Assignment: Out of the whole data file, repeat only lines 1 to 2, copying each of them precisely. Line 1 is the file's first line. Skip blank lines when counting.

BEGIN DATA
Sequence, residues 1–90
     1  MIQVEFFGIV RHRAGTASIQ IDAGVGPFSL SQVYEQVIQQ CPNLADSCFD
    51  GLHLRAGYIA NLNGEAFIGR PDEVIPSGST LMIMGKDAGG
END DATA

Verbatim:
Sequence, residues 1–90
     1  MIQVEFFGIV RHRAGTASIQ IDAGVGPFSL SQVYEQVIQQ CPNLADSCFD